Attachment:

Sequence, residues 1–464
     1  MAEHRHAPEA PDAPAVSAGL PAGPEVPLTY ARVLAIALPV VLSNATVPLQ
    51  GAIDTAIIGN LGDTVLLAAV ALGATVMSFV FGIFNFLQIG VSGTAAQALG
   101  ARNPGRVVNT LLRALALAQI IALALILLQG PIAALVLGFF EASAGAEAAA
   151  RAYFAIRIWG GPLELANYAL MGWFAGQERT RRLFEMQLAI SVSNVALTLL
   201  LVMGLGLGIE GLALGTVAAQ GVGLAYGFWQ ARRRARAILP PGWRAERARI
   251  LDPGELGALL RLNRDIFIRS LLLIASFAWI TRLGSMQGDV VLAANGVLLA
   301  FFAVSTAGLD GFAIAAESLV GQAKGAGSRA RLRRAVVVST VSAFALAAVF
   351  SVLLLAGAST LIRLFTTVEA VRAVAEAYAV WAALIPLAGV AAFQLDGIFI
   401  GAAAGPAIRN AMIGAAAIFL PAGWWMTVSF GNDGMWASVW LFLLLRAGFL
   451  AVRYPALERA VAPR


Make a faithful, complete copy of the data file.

Sequence, residues 1–464
     1  MAEHRHAPEA PDAPAVSAGL PAGPEVPLTY ARVLAIALPV VLSNATVPLQ
    51  GAIDTAIIGN LGDTVLLAAV ALGATVMSFV FGIFNFLQIG VSGTAAQALG
   101  ARNPGRVVNT LLRALALAQI IALALILLQG PIAALVLGFF EASAGAEAAA
   151  RAYFAIRIWG GPLELANYAL MGWFAGQERT RRLFEMQLAI SVSNVALTLL
   201  LVMGLGLGIE GLALGTVAAQ GVGLAYGFWQ ARRRARAILP PGWRAERARI
   251  LDPGELGALL RLNRDIFIRS LLLIASFAWI TRLGSMQGDV VLAANGVLLA
   301  FFAVSTAGLD GFAIAAESLV GQAKGAGSRA RLRRAVVVST VSAFALAAVF
   351  SVLLLAGAST LIRLFTTVEA VRAVAEAYAV WAALIPLAGV AAFQLDGIFI
   401  GAAAGPAIRN AMIGAAAIFL PAGWWMTVSF GNDGMWASVW LFLLLRAGFL
   451  AVRYPALERA VAPR